Deer hunters stick with lead bullets
GRAND FORKS - Sporting goods stores in Grand Forks and East Grand Forks and other parts of the Northland say deer hunters are sticking with lead bullets this fall, despite studies that show a correlation between the bullets and lead fragments in venison.
"I haven't even had anyone bring it up to me, personally," said Jamie Jack, supervisor of the hunting and gun departments at Scheels in Grand Forks. "I don't think it's a real big deal."
The issue first surfaced last spring, when a Bismarck physician published results of a study showing the presence of lead fragments in samples of ground venison from deer that hunters had donated to North Dakota food shelves.
In response, health officials in North Dakota and Minnesota ordered food shelves in the two states to throw away all of their venison. Lead is a toxin, and long-term exposure can cause neurological damage.
Last month, the Minnesota Department of Natural Resources published findings from its own bullet research. The DNR study, in which researchers fired various kinds of bullets into sheep carcasses, found that rapid-expansion lead bullets sent high numbers of fragments as far as 11 inches from the wound channel.
Shotgun slugs and muzzleloader bullets produced fewer fragments, the DNR research showed, but the only way to eliminate the risk of lead exposure was through the use of bullets with no exposed lead, such as those with a copper case surrounding the lead core, or copper bullets.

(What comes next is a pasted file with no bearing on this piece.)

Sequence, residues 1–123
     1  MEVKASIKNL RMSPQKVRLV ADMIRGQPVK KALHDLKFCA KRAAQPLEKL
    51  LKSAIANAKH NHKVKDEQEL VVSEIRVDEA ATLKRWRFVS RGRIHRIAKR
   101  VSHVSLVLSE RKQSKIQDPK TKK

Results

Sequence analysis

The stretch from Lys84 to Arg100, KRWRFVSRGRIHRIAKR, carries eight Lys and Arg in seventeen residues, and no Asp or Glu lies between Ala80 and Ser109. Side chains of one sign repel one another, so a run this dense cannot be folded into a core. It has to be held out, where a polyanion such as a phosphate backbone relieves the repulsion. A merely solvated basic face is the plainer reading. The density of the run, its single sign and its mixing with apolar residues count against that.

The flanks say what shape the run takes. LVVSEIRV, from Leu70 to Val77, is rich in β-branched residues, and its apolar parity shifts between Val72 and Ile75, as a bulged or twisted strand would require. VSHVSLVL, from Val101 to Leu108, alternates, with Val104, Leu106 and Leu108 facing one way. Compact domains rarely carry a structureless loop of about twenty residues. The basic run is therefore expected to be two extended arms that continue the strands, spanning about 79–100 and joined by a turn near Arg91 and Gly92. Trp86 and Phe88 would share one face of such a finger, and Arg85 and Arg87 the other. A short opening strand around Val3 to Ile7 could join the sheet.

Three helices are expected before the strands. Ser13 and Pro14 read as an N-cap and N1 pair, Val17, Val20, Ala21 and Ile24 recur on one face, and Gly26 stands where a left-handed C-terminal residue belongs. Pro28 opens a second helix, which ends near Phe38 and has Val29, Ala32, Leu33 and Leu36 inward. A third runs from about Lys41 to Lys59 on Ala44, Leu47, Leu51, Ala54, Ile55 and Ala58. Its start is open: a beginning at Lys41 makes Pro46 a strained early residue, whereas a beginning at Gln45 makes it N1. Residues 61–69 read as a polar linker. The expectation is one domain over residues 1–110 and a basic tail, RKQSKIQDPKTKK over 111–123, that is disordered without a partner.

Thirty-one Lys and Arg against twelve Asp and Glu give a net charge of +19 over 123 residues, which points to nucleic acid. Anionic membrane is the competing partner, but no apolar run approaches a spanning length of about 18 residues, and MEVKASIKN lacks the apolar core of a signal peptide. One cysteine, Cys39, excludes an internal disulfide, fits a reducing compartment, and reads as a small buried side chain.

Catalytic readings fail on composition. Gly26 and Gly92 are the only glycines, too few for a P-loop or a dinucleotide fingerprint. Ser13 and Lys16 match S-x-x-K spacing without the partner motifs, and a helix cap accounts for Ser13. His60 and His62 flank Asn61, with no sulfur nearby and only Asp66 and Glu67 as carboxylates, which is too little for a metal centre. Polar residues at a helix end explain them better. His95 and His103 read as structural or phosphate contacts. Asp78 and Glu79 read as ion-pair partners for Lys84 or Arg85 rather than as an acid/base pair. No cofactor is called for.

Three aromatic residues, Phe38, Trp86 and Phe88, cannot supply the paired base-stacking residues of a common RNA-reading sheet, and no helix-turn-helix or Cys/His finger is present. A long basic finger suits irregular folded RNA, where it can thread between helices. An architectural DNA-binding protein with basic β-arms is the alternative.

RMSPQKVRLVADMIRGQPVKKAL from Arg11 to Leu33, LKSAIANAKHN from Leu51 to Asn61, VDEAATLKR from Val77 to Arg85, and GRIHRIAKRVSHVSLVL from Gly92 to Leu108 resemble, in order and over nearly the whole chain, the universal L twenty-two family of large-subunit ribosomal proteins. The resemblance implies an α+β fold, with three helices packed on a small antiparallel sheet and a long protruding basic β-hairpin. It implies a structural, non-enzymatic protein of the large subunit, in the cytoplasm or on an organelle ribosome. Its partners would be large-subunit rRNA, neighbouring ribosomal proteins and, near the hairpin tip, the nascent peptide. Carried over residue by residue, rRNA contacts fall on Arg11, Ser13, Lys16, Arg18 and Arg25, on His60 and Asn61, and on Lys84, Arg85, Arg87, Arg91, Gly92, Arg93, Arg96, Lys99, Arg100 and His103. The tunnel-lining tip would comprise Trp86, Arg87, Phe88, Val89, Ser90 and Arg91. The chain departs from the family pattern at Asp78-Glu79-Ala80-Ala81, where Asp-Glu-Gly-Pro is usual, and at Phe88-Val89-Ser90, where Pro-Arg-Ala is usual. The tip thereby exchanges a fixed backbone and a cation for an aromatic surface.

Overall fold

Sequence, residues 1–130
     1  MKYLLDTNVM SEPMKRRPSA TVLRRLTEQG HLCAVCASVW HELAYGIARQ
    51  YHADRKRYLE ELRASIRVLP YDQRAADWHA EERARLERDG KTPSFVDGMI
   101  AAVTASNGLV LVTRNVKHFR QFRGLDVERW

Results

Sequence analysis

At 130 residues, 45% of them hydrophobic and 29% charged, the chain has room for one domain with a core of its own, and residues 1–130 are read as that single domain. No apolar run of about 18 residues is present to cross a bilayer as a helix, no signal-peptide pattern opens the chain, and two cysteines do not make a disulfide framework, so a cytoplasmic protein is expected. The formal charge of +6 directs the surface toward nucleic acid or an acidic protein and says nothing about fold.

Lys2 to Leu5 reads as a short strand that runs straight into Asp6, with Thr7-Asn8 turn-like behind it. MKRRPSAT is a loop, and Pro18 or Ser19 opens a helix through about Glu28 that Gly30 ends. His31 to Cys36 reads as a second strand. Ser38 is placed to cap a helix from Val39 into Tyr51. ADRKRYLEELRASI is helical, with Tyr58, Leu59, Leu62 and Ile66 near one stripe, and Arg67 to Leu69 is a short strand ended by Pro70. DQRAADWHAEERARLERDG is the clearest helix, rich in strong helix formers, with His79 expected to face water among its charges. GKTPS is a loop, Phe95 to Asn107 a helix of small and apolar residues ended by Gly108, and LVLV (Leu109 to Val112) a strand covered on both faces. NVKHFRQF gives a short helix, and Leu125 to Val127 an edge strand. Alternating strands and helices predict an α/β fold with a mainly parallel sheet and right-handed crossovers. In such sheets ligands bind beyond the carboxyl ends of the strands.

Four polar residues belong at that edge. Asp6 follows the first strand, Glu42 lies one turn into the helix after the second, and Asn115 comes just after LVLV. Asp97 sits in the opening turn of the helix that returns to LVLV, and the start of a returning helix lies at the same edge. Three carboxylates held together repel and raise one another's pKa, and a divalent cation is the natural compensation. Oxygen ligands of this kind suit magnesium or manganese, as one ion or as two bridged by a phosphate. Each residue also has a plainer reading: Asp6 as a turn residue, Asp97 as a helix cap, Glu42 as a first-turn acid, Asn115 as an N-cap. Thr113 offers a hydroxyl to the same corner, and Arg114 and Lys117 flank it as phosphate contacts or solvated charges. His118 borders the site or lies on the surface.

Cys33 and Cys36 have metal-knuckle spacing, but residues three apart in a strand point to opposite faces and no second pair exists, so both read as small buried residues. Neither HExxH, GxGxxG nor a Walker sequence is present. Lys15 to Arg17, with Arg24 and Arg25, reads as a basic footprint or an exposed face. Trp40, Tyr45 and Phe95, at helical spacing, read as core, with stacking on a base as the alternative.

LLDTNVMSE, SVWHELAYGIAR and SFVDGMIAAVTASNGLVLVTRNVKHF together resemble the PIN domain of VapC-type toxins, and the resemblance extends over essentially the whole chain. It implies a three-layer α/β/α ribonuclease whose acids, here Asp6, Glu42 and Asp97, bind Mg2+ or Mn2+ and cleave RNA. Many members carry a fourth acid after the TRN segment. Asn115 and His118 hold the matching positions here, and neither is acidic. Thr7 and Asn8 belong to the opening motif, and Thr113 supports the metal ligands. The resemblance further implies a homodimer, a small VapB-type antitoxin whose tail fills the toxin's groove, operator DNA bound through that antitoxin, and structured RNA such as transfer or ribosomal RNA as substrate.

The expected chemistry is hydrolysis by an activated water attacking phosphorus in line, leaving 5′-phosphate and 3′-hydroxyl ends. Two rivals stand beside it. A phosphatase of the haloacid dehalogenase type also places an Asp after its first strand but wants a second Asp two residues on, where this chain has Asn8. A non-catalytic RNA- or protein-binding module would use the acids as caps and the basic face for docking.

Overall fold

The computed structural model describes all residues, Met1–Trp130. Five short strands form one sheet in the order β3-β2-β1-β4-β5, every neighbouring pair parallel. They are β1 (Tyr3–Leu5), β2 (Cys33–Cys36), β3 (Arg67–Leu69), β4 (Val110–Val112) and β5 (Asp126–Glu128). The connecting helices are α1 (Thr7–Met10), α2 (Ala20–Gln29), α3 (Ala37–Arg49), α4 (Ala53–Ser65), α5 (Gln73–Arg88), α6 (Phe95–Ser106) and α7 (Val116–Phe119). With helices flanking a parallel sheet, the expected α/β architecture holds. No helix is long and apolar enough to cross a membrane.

And so far, at least, hunters don't seem to be buying into the idea of switching from lead to copper.
"I haven't had one person come in and ask for that," said Bob Jensen, a salesman in Home of Economy's sporting goods department.
Price could be one factor. Jack, the hunting and gun department supervisor at Scheels, said the store carries a Barnes-brand copper bullet, but it costs at least $10 to $15 more than other bullets.
Andy Fruetel, a sales associate in the hunting department at Cabela's in East Grand Forks, said the store carries a Federal Premium-brand lead-free bullet that sells for $49.99 a box, compared with about $25 a box for lead bullets.
He said he hasn't encountered a customer asking about the lead bullet research.
"Not a lot of people are too concerned with it," he said.
That appears to be the case in other parts of northern Minnesota, as well. Wade Boroos of Streiff Sporting Goods near Warroad, Minn., said the store doesn't carry nontoxic bullets because there's no demand.
"I haven't had one person ask for bullets that were non-lead," he said. "I know they have them out there, but we don't even have anyone ask about it. People have shot deer with lead for years."
Lead in venison hasn't been linked to any illnesses, but the DNR study still recommended that pregnant women and children younger than six not consume the meat from deer shot with lead bullets.
North Dakota and Minnesota again this fall are accepting venison donations. North Dakota is limiting its program to archery deer, and Minnesota has implemented stricter guidelines that include whole cuts only and special training for processors.